The current energy crisis is forcing people to find ways to reduce all forms of energy consumption, from turning down the heating at home, to making only essential journeys in their vehicles. If you rely on your own vehicle to get around, there are a number of ways to minimise fuel consumption. While some methods may seem obvious, it is surprising how often even simple methods are ignored when the price of energy is not concentrating everyone’s minds.

We have drawn up a list of tips on how to get the most from each tank of fuel

Remove accessories, such as roof racks when not needed

As handy as roof racks, bike racks or roof boxes are, unfortunately they act as a brake and the higher the speed, the greater the wind-resistance. Anything that reduces aerodynamic efficiency, increases fuel consumption. The extra drag saps power and the only way to compensate for the lost power is to open the throttle wider. So, as soon as you no longer need a roof box, roof rack or bike rack on the vehicle, remove it.

Keep the vehicle well maintained

Ensuring that the vehicle is in a good state of repair sounds obvious to most people and is what the vehicle manufacturer advises but, sadly, is often neglected. Keeping a vehicle regularly serviced and properly maintained can have a significant effect on performance, overall running and fuel consumption. Even something as simple as getting the air filter changed at the specified service interval can make a substantial difference to both fuel consumption and engine wear.

Check and correct the tyre pressures

Underinflated tyres affect road safety and increase both braking distances and fuel consumption. Underinflation places excessive strain on the tyre sidewalls and carcass, ultimately leading to premature failure. More immediately, however, underinflation equates to greater roll resistance, which demands more power from the engine. Typically, fuel consumption increases by around 3% per 10% underinflation of the tyres, i.e., there is a 6% increase in fuel consumption if the tyres are underinflated by 20%.

Slow down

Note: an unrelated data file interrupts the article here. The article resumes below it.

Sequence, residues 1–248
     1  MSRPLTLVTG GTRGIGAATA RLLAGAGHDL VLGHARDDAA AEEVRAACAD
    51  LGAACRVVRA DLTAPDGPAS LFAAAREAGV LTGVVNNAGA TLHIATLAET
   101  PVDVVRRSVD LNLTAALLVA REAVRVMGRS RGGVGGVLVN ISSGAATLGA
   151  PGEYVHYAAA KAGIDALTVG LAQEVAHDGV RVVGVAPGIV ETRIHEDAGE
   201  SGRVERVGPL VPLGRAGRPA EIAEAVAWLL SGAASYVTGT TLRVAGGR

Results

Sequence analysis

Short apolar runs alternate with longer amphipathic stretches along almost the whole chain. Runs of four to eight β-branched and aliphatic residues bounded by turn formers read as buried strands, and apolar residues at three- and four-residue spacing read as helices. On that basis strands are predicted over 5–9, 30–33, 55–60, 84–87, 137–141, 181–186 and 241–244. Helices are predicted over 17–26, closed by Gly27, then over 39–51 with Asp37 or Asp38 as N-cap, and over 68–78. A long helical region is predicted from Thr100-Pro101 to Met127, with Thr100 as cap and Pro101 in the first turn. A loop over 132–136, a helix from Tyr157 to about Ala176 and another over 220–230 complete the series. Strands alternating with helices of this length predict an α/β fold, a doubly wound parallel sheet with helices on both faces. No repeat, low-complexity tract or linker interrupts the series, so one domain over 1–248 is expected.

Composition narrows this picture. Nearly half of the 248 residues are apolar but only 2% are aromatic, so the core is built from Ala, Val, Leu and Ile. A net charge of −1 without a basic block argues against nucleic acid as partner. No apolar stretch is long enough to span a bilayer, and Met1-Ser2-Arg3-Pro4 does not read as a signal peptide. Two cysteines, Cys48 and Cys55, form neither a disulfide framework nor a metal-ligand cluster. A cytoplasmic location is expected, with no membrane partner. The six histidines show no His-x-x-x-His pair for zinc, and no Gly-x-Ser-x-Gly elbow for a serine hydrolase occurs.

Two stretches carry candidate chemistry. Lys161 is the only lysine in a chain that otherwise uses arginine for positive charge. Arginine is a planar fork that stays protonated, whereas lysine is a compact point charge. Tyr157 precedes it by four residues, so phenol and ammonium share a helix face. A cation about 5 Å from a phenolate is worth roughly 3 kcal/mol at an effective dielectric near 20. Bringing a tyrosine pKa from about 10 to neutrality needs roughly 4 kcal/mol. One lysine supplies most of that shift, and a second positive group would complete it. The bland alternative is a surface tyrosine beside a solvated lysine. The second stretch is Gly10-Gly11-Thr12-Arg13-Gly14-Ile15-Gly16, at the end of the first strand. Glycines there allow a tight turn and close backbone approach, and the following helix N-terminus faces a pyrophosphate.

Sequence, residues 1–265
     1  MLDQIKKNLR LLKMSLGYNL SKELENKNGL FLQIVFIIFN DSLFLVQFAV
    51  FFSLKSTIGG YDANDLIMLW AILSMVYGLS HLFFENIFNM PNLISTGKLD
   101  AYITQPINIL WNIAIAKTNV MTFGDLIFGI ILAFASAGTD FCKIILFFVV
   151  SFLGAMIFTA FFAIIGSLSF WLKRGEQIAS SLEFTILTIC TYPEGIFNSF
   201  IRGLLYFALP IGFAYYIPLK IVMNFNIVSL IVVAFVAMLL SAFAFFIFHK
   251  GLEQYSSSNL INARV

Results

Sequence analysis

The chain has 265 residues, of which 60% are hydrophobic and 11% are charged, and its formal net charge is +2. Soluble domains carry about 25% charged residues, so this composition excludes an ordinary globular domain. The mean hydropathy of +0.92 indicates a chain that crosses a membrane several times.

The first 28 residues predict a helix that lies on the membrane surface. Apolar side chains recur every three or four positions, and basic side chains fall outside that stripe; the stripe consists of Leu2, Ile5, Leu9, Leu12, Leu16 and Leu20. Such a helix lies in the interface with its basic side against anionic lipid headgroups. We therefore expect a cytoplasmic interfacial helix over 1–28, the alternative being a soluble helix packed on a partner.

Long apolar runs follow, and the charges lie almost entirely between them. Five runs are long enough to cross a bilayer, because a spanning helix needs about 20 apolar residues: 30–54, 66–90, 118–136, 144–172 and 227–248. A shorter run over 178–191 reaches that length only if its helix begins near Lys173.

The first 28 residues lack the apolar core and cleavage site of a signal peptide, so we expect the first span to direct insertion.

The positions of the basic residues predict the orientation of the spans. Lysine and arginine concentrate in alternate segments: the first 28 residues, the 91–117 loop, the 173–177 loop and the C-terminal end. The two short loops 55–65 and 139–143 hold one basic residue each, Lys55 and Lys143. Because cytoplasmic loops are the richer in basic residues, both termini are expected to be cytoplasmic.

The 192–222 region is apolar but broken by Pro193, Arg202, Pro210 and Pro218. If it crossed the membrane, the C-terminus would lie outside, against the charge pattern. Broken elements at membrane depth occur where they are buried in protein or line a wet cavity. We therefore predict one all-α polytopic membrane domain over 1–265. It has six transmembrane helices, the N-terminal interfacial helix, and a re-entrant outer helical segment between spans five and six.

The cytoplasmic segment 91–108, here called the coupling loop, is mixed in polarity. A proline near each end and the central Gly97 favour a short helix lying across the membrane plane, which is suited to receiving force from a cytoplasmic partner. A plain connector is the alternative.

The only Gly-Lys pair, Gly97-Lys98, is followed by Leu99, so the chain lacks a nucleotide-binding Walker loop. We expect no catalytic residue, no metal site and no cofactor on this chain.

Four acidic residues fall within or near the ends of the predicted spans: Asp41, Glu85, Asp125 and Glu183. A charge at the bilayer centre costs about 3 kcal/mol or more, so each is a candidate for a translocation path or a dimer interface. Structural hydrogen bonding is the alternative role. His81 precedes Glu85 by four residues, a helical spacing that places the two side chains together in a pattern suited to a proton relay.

Driving around at low speed is not the answer, but even a slight reduction in the road speed can have a considerable effect. Speeding up to overtake another vehicle is usually not worth the cost of the extra fuel. Especially in city traffic, you often notice the vehicle that you have just overtaken is right behind you at the next set of traffic lights. So, when appropriate, apply just a little less throttle, especially on flat or downhill stretches of road, when a minimal throttle opening can maintain speed and massively improve economy.

Select the highest gear possible

Change up to the highest gear possible, as soon as possible. Care should be taken, however, as changing up too soon can place the engine under excessive load, actually resulting in higher fuel consumption. Nowadays, cars often have a gearshift indicator, informing the driver the optimum point at which to change gear. The indicator simply flags up when the engine is in the right speed range.

If your vehicle does not have a gearshift indicator, all you need to do is check the rev counter and change gear when it is appropriate to do so. An engine speed of 2,500-3,000 rpm is usually sufficient so that an upshift does not result in the engine speed dropping below 1,500 rpm.

Another technique that can be used is block gear changing, i.e., changing gear from 3rd to 5th or 2nd to 4th or 4th to 6th. Block changing prevents wasteful engine idling between gear changes; when the engine is decoupled from the gearbox. Note, when block changing, you must ensure that engine speed does not drop too low due to shifting two ratios at once.

Keep less fuel in the tank